Feeds

Hey coders – get a sense of hUMA: AMD to free GPU from CPU slavery

Peer-to-peer architecture for server, desktop and mobile processors

5 things you didn’t know about cloud backup

AMD is to manufacture microprocessors that connect their on-board CPU and GPU components more intelligently than ever before.

The upcoming chips will utilise a technique AMD calls Heterogeneous Queuing (hQ). This new approach puts the GPU on an equal footing with the CPU: no longer will the graphics engine have to wait for the central processor to tell it what to do.

Currently, the CPU alone manages application tasks, pulling in work from job dispatch queues in user memory. It can even assign tasks to itself, one core scheduling work on another core, for instance.

The GPU doesn’t have these capabilities. Typically it is managed as a peripheral resource by way of the operating system and driver software, a pathway that adds considerable latency to GPU access.

The reasons for this are largely historical: the GPU was originally a separate chip mounted on an add-in board plugged into the main system bus. This model hasn’t changed – even though the GPU is now integrated into the CPU package and may even be part of the same die.

AMD Un-heterogenous Queuing

The old way: the GPU is slave to the CPU and can’t manage its own task queues

AMD’s new approach, the result of its work defining what it calls a Heterogenous System Architecture (HSA), grants the GPU the same memory access and work management capabilities and as the CPU has.

An hQ GPU, then, can monitor task queues to accept and schedule tasks, for both itself and for the CPU. Applications with work for the GPU just bundle up the job details and add it to the GPU’s dispatch queue in user memory. The kernel level driver path is eliminated and with it all the latency that currently exists.

At the heart of the system is AMD’s Heterogenous Unified Memory Architecture (hUMA) in which user memory is shared by the CPU and the GPU. However, a new addition is a standardised task dispatch packet format able to be understood by any HSA-compatible hardware, likewise a standard queue format. Apps can generate tasks in this new packet format directly, and there’s no need to translate the packets into intermediate or vendor-specific formats, which is one of the jobs drivers are currently required to do.

No longer having to translate and make copies task packets improves performance. So does having direct access to task queues in user memory because there’s no longer need for the latency inducing kernel mode changes imposed because the driver must operate in a protected memory space.

AMD Heterogenous Queuing

Equal cores: the Heterogeneous Queuing architecture

Enabling the hQ GPU to operate independently of the CPU creates more opportunities for the latter to be put to sleep while the GPU is rendering pixels and polygons, or crunching numbers as a massively parallel data processor. As such, says AMD, hQ’s benefits neatly scale from smartphone processors all the way up to data centre chippery.

Of course, all this only makes sense if more than one vendor is supporting the initiative, so AMD was quick to point out the HSA packet format is backed by its fellow HSA Foundation members, among them ARM, Qualcomm, Samsung, Mediatek and Texas Instruments.

There ought to be no shortage of HSA-compatible hardware, then, but will applications take advantage of it? AMD hopes its efforts to embed HSA into standard APIs such as OpenCL and OpenCV, allowing coders to benefit from the new approach without effort.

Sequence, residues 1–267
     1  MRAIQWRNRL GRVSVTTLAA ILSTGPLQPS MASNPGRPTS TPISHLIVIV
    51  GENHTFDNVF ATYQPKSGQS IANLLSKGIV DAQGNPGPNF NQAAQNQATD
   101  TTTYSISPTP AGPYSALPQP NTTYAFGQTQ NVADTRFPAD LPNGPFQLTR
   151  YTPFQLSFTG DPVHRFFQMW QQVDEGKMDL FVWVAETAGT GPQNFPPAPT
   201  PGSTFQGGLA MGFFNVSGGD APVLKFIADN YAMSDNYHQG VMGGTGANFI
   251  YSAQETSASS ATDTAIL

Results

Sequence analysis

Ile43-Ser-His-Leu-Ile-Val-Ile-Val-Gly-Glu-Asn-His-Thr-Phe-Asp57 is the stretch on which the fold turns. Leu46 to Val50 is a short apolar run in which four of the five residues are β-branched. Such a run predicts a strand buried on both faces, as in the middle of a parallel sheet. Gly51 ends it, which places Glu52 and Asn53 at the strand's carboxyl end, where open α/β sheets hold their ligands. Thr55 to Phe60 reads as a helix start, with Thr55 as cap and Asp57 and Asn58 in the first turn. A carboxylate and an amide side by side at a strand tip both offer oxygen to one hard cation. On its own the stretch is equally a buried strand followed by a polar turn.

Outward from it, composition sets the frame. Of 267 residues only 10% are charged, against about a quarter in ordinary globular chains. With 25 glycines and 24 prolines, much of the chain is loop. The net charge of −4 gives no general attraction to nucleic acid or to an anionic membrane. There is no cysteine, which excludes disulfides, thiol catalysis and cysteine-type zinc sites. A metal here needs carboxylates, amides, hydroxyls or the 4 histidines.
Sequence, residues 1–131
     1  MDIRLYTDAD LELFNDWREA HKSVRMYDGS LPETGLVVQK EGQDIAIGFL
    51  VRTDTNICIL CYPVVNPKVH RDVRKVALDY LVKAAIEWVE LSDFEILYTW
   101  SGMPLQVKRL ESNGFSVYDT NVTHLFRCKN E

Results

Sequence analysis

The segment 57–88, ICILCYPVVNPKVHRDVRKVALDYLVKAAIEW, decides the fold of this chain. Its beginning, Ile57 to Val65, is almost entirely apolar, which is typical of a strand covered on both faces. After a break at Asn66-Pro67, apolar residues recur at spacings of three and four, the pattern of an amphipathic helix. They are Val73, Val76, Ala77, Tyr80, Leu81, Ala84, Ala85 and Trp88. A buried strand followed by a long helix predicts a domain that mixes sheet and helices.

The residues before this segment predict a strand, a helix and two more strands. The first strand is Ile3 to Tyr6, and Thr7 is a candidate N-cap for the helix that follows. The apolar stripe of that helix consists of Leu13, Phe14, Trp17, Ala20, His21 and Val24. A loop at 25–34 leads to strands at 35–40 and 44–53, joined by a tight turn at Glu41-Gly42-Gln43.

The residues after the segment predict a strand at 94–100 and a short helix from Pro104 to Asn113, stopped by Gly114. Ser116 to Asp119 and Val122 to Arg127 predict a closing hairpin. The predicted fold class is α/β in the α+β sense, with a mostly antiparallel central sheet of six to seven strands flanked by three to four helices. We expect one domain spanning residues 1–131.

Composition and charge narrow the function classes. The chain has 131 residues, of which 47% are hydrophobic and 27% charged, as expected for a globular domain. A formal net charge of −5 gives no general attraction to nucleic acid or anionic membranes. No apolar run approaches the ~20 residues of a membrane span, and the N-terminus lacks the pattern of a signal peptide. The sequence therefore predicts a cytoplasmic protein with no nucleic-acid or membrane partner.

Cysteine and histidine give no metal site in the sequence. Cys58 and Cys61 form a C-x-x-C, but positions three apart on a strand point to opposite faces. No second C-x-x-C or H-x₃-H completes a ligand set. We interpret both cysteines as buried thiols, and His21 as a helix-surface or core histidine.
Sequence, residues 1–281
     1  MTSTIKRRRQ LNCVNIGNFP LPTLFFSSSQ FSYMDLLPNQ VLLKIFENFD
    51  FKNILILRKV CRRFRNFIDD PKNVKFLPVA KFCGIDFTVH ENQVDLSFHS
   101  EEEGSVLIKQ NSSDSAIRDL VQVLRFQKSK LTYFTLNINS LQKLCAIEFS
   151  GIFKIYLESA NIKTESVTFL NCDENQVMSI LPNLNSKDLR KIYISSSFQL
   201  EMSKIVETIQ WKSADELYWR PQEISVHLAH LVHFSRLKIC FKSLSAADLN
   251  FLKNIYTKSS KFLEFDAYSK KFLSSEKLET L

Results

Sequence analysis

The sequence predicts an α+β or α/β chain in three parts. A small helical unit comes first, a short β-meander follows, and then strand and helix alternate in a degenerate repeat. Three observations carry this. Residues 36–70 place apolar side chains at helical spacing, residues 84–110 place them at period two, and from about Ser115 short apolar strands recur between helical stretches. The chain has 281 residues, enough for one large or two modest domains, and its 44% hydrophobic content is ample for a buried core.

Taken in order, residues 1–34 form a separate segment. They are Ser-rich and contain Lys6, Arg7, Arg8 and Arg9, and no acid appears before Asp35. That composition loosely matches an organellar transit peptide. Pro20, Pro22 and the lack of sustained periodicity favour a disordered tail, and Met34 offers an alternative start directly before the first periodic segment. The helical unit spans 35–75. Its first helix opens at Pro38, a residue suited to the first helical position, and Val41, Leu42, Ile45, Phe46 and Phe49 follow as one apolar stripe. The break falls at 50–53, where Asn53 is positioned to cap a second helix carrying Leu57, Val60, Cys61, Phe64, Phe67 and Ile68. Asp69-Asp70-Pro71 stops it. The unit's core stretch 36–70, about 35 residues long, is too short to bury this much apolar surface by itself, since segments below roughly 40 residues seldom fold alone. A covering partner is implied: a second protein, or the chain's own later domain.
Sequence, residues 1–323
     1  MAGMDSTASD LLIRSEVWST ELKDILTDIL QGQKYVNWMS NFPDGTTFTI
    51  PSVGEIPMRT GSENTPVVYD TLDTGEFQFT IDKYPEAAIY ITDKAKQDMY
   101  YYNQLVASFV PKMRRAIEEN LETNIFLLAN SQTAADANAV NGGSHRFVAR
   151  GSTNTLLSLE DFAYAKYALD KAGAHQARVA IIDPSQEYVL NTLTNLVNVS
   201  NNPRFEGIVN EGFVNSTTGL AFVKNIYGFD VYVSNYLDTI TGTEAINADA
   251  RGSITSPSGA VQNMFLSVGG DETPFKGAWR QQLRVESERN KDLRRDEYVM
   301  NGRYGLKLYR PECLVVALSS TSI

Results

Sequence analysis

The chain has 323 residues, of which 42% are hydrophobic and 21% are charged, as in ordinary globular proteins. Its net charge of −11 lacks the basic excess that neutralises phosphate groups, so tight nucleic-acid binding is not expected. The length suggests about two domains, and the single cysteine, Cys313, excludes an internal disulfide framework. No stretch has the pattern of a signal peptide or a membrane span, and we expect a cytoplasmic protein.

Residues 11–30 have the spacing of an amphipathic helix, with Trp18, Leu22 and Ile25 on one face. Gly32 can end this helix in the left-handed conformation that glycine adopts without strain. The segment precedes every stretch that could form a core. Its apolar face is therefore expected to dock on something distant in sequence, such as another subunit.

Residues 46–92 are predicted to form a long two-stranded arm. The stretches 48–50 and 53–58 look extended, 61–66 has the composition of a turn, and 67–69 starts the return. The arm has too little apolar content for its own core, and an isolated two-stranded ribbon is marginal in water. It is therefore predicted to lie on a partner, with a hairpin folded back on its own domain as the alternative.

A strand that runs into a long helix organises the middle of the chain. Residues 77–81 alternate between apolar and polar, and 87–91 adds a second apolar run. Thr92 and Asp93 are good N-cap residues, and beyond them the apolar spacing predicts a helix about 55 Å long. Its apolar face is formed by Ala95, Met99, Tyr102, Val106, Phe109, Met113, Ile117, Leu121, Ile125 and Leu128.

“We also plan to connect HSA through popular programming models such as Java and Python... and that delivers some of the benefits,” said AMD senior fellow Ben Sander.

“But you can use this stuff directly. That requires more investment by the programmer but you’re getting the ultimate control over the package and what’s sent to the GPU.”

What AMD isn’t saying, however, is when it will implement hQ in its own processors. ®

The essential guide to IT transformation

More from The Register

next story
So, Apple won't sell cheap kit? Prepare the iOS garden wall WRECKING BALL
It can throw the low cost race if it looks to the cloud
Samsung Gear S: Quick, LAUNCH IT – before Apple straps on iWatch
Full specs for wrist-mounted device here ... but who'll buy it?
Apple promises to lift Curse of the Drained iPhone 5 Battery
Have you tried turning it off and...? Never mind, here's a replacement
Now that's FIRE WIRE: HP recalls 6 MILLION burn-risk laptop cables
Right in the middle of Burning Mains Man week
Chumps stump up $1 MEELLLION for watch that doesn't exist
By the way, I have a really nice bridge you might like...
HUGE iPAD? Maybe. HUGE ADVERTS? That's for SURE
Noo! Hand not big enough! Don't look at meee!
AMD unveils 'single purpose' graphics card for PC gamers and NO ONE else
Chip maker claims the Radeon R9 285 is 'best in its class'
prev story

Whitepapers

Endpoint data privacy in the cloud is easier than you think
Innovations in encryption and storage resolve issues of data privacy and key requirements for companies to look for in a solution.
Implementing global e-invoicing with guaranteed legal certainty
Explaining the role local tax compliance plays in successful supply chain management and e-business and how leading global brands are addressing this.
Advanced data protection for your virtualized environments
Find a natural fit for optimizing protection for the often resource-constrained data protection process found in virtual environments.
Boost IT visibility and business value
How building a great service catalog relieves pressure points and demonstrates the value of IT service management.
Next gen security for virtualised datacentres
Legacy security solutions are inefficient due to the architectural differences between physical and virtual environments.